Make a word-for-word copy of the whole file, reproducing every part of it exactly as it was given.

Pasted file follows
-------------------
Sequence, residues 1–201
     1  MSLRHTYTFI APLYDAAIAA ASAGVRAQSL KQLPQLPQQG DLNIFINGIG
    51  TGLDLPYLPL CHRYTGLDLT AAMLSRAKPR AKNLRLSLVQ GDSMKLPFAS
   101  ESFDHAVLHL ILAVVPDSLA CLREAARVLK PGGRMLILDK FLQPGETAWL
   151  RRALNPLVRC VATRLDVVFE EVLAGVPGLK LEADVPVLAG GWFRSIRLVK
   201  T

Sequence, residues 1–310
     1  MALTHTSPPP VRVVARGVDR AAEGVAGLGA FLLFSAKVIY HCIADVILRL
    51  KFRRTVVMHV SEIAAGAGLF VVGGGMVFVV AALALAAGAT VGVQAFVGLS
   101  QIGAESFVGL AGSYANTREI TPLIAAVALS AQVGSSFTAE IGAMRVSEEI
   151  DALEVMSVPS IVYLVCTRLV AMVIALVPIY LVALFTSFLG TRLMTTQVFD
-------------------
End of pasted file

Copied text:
Sequence, residues 1–201
     1  MSLRHTYTFI APLYDAAIAA ASAGVRAQSL KQLPQLPQQG DLNIFINGIG
    51  TGLDLPYLPL CHRYTGLDLT AAMLSRAKPR AKNLRLSLVQ GDSMKLPFAS
   101  ESFDHAVLHL ILAVVPDSLA CLREAARVLK PGGRMLILDK FLQPGETAWL
   151  RRALNPLVRC VATRLDVVFE EVLAGVPGLK LEADVPVLAG GWFRSIRLVK
   201  T

Sequence, residues 1–310
     1  MALTHTSPPP VRVVARGVDR AAEGVAGLGA FLLFSAKVIY HCIADVILRL
    51  KFRRTVVMHV SEIAAGAGLF VVGGGMVFVV AALALAAGAT VGVQAFVGLS
   101  QIGAESFVGL AGSYANTREI TPLIAAVALS AQVGSSFTAE IGAMRVSEEI
   151  DALEVMSVPS IVYLVCTRLV AMVIALVPIY LVALFTSFLG TRLMTTQVFD